The Police Killing of Tyre Nichols Was Heinous, but not an AberrationRoundup
tags: Police, Black lives matter
Simon Balto is assistant professor of history at the University of Wisconsin. He is the author of Occupied Territory: Policing Black Chicago from Red Summer to Black Power.
On 7 January, police in Memphis beat Tyre Nichols so badly as to send him into a days-long death to which he ultimately succumbed on 10 January. The beating of Nichols, a 29-year-old Black man, was so brutal that even law enforcement officials at both the city and state level – usually reliable sources for blaming the victims of police violence for the violence done to them – have declared it a heinous act. The five officers who beat Nichols, all of whom happen to also be Black, are currently on second-degree murder charges for what they did to him. Nichols is at least the 80th person killed by police in the US so far this year.
Nearly two years ago, the Guardian asked me to write about the trial of Derek Chauvin for his murder of George Floyd. At the time, my estimation of the trial’s significance – and of the conviction that seemed likely at the time and that ultimately came to pass – is that it would be minimal. After all, I more or less argued at the time, you can send Derek Chauvin to prison for being violent, but doing so doesn’t change the institution that trained him to be violent, paid him to be violent, and paid him to train others to be violent.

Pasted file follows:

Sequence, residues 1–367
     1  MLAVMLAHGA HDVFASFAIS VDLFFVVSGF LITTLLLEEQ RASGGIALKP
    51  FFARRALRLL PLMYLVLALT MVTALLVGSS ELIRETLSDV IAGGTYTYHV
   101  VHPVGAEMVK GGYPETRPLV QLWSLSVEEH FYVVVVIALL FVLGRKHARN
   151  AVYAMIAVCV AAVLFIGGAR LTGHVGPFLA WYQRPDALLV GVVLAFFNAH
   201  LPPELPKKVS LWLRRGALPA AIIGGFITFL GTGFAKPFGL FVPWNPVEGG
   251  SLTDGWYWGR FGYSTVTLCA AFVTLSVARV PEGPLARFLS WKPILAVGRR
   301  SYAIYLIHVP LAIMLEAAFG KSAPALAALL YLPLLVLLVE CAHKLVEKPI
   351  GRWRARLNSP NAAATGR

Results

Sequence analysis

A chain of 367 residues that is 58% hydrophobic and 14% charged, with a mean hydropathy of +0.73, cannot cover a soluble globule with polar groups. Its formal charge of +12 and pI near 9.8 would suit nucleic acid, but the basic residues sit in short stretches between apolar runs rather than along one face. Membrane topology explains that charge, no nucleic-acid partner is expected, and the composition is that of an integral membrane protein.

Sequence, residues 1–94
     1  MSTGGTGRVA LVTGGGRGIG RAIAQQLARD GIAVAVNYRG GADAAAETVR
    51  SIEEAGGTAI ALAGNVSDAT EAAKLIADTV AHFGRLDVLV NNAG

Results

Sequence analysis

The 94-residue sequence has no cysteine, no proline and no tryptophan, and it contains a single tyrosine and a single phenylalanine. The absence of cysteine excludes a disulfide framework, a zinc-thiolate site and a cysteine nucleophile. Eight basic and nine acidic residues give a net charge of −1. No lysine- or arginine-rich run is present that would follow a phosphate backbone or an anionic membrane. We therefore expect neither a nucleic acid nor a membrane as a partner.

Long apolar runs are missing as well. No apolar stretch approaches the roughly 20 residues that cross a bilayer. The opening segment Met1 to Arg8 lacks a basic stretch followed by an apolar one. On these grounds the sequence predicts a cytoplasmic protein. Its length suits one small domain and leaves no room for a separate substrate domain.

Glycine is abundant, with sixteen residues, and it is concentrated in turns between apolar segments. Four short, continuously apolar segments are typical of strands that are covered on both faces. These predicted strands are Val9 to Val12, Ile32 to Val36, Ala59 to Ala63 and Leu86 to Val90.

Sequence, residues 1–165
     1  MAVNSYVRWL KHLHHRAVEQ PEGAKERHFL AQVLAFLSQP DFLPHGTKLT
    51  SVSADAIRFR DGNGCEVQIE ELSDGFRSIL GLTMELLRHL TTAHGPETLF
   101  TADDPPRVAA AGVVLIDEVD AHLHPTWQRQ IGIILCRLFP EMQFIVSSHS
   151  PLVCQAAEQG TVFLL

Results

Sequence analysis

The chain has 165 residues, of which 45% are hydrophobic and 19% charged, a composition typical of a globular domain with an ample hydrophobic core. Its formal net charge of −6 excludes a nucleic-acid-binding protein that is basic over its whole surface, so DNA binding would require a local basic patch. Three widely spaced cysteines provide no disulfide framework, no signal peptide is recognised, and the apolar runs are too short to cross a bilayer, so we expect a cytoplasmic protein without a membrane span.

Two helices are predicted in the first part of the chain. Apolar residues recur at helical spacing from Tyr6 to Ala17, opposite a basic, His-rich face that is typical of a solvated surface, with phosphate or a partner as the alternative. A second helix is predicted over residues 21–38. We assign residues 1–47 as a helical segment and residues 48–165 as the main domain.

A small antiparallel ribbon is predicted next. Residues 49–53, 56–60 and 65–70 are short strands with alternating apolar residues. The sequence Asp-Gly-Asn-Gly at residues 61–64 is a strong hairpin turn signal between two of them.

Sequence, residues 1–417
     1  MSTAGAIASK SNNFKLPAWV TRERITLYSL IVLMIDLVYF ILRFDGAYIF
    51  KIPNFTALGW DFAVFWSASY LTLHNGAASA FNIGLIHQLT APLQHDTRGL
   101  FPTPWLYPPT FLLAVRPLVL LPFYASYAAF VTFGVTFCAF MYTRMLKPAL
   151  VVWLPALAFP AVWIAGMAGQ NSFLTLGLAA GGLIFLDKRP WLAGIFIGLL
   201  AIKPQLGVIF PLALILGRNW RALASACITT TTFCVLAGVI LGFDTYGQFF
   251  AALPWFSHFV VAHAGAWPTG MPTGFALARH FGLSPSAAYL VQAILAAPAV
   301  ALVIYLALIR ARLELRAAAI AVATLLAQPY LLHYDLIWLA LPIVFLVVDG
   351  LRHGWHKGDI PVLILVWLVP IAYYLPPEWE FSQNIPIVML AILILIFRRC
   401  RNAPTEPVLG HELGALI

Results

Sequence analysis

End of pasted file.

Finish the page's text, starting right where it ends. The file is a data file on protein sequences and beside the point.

It would be too charitable to Chauvin to call him a scapegoat, but it also wouldn’t be far from the truth. As I wrote at the time, within the context of the trial and as Chauvin’s peers and bosses lined up to testify against him, during that trial “the fact of police violence – elemental and central to the institution, the first language of police and the structuring logic of policing” was never up for interrogation.
A similar denial, a determined refusal to believe that what police did to Tyre Nichols is squarely on the continuum of violence that defines policing, is already at work in Memphis. On Thursday, as attention to the case mounted in advance of the Friday-evening-release of video footage of the officers beating Nichols, the director of the Tennessee bureau of investigation, David Rausch, claimed that what was contained therein was “criminal” and “not at all proper policing”.
Such is the wizardry, the sleight of hand, by which incidents of police violence that are caught on camera and understood to reflect poorly upon the institution of policing are cast beyond the pale, to be read as aberrations to whatever “proper policing” can possibly entail. Violence, coercive force, the carry and use of deadly weapons – all of these are central to “proper policing” as the institution of policing in this country currently exists.
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